Sep 21, 2011

Are Wives Really Nagging Shrews Or Do Husbands Just Think They Are?

This post was inspired by Lisa Hickey's recent piece, "Are Husbands Really Assholes? Or Do Wives Just Think They Are?" on the website The Good Men Project. There has also been a great deal of chatter on the interwebs about gender stereotypes in romantic, hetero relationships, most of which would make me tear out my hair by the fistful if I didn't spend so much money making it pretty .

When I see articles about the dynamics of male/female relationships, I initially find them provocative and insightful. When I delve deeper, however, I sometimes cringe at generalizations presented by authors as facts, rather than what they really are: opinions based on limited anecdotal evidence. They may be informed opinions by smart professionals who do some research, but what I've seen recently reveals that many "sample groups" are too small to be taken seriously. Ultimately, I object to the black and white approach inevitably taken by many of these arguments.

I understand why stereotypes take root; historically, the behavior of some in a group (a particular race, gender, or sexual orientation) has been mistakenly accepted as representative of all members of that group. I believe this is a function of ignorance and/or fear, but whether or not we admit it, we all have biases. Perhaps we were raised in an environment of bigotry and, as much as we would like to believe otherwise, those hateful words and images linger in our subconscious minds. Maybe life experiences lead some to form their own brand spanking new prejudices, and they are fine with that. Those are two extremes on a continuum—a large gray area of bias that we aren't generally comfortable talking about.

So how do we discuss gender stereotypes in romantic relationships in a way that is honest and helpful? First, I think we need to admit they exist. No matter how emotionally evolved we are we perpetuate certain narratives that make navigating relationships less scary. If we depend too frequently on these emotional crutches, however, we end up stuck in a place that may feel safe but actually leads us to believe that yes, all husbands are assholes and all wives are nagging shrews. Does this seem like a good strategy for making a relationship work?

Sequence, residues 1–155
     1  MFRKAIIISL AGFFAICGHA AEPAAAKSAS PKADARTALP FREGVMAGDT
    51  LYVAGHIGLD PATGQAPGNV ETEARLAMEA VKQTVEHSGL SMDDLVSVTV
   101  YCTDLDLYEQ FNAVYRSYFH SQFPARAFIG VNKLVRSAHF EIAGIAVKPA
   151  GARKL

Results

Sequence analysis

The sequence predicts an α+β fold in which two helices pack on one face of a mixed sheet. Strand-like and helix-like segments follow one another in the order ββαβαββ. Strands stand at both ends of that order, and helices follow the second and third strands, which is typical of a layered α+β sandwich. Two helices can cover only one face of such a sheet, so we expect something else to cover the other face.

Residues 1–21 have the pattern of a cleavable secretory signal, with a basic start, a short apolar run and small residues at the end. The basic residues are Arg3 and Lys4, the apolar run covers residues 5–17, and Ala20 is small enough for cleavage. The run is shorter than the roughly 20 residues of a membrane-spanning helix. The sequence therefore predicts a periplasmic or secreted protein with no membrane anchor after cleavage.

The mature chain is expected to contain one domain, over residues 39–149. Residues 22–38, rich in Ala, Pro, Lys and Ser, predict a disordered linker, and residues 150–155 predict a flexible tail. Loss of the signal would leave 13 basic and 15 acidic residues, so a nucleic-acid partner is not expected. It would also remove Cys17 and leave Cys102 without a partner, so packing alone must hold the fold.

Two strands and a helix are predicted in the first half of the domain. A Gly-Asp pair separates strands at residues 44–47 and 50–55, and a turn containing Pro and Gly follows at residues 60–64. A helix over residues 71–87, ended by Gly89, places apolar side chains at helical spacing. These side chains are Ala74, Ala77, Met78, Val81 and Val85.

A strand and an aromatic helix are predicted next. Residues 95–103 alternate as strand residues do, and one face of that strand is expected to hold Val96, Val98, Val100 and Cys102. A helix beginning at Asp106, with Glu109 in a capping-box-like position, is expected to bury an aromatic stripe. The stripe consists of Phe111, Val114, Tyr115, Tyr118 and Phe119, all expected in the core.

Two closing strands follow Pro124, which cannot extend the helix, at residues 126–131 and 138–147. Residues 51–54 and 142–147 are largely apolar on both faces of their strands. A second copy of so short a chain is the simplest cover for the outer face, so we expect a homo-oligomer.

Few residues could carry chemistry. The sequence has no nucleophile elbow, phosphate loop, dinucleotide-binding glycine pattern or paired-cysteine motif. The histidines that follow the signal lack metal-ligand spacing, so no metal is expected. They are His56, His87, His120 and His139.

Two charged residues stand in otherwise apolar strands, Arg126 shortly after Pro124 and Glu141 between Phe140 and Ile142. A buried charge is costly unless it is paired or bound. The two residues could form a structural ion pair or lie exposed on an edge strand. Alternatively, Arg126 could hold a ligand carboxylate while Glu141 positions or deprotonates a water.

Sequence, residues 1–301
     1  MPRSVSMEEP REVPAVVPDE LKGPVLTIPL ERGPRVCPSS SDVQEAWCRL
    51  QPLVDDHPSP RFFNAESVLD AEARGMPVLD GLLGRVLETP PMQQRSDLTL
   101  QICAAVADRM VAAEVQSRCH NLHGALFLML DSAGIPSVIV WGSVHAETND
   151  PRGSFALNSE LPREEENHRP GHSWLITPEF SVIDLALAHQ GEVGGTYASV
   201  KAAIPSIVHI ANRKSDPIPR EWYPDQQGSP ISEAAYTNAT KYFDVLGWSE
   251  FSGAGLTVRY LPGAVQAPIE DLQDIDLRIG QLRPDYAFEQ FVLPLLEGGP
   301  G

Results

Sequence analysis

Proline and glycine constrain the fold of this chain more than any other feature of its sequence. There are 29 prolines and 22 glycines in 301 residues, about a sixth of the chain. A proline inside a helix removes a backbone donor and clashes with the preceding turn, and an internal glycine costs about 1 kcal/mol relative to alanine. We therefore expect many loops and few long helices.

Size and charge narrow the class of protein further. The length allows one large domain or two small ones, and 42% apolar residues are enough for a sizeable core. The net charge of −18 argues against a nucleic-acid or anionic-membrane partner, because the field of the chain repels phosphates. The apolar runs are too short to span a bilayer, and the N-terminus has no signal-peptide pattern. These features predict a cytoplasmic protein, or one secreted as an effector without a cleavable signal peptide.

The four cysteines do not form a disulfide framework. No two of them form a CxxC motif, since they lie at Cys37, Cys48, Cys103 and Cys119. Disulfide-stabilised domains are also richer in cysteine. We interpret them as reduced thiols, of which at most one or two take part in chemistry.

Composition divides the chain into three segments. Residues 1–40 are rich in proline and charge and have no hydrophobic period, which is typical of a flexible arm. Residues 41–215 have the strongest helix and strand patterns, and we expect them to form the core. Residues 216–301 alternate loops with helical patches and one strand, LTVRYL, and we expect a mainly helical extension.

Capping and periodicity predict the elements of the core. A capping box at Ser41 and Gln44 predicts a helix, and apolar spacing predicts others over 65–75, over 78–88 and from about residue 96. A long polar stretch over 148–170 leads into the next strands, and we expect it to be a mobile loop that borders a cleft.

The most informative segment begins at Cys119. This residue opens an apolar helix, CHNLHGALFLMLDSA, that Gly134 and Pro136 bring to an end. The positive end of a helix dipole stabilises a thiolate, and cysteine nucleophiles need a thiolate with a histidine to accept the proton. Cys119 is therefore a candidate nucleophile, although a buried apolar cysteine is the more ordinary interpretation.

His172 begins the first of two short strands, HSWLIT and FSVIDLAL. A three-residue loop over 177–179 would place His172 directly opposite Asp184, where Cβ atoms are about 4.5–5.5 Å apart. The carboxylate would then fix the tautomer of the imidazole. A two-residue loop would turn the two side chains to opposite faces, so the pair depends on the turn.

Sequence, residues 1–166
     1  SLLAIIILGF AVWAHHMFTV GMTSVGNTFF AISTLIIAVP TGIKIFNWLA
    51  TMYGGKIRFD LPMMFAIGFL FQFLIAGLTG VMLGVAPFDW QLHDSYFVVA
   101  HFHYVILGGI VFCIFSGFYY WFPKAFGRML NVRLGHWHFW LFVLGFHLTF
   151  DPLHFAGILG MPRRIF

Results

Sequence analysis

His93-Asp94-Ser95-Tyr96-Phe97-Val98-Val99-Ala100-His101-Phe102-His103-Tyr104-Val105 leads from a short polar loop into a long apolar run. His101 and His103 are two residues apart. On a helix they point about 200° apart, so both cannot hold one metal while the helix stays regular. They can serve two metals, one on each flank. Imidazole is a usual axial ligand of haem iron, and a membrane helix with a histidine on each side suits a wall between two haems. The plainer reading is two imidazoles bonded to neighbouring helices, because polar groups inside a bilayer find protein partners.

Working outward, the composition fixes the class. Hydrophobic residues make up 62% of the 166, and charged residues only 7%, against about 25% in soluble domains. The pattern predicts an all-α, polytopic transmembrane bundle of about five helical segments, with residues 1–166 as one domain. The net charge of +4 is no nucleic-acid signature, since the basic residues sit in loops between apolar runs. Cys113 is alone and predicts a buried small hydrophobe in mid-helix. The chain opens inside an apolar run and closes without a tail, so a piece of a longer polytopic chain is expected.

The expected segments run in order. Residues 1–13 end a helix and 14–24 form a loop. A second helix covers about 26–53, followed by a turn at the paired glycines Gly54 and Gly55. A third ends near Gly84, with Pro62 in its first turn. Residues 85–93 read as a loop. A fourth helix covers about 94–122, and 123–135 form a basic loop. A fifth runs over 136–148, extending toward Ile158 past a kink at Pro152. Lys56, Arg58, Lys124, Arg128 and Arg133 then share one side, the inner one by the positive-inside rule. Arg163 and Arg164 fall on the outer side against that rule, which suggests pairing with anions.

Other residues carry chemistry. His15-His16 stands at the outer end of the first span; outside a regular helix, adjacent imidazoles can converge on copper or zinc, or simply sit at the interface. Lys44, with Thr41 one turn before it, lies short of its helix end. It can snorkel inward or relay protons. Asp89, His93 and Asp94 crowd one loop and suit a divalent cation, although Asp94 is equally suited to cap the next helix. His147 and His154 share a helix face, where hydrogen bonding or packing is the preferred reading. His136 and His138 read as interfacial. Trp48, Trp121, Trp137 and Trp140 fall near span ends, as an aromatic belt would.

Let's hear from the experts. From Lisa Hickey's piece:

The refrain heard over and over is some variation of "I want to have a good marriage. I love my wife. But sometimes, all I feel is resentment—from my wife, toward my wife, toward the marriage. I believe my wife thinks I am an asshole, and she treats me as such."

In Ms. Hickey's defense, she does her best to give a balanced portrayal of both men's and women's thoughts on the subject, but she doesn't have enough to work with. The above quote refers to a conversation that took place—in person, by phone, and via email—between a handful of contributers to The Good Men Project. Later in the article, Ms. Hickey presents a list of comments described as "a quick, non-scientific survey of self-appointed experts in the perception of husbands as assholes".

Most of the article follows a similar "he said, she said" vein, with Ms. Hickey trying to make sense of it all by drawing a few tentative conclusions. But then there's this:

It still bothers me that there’s no real dialogue around this issue. Men feel resentment, women appear oblivious, and conversation around the topic seems nil.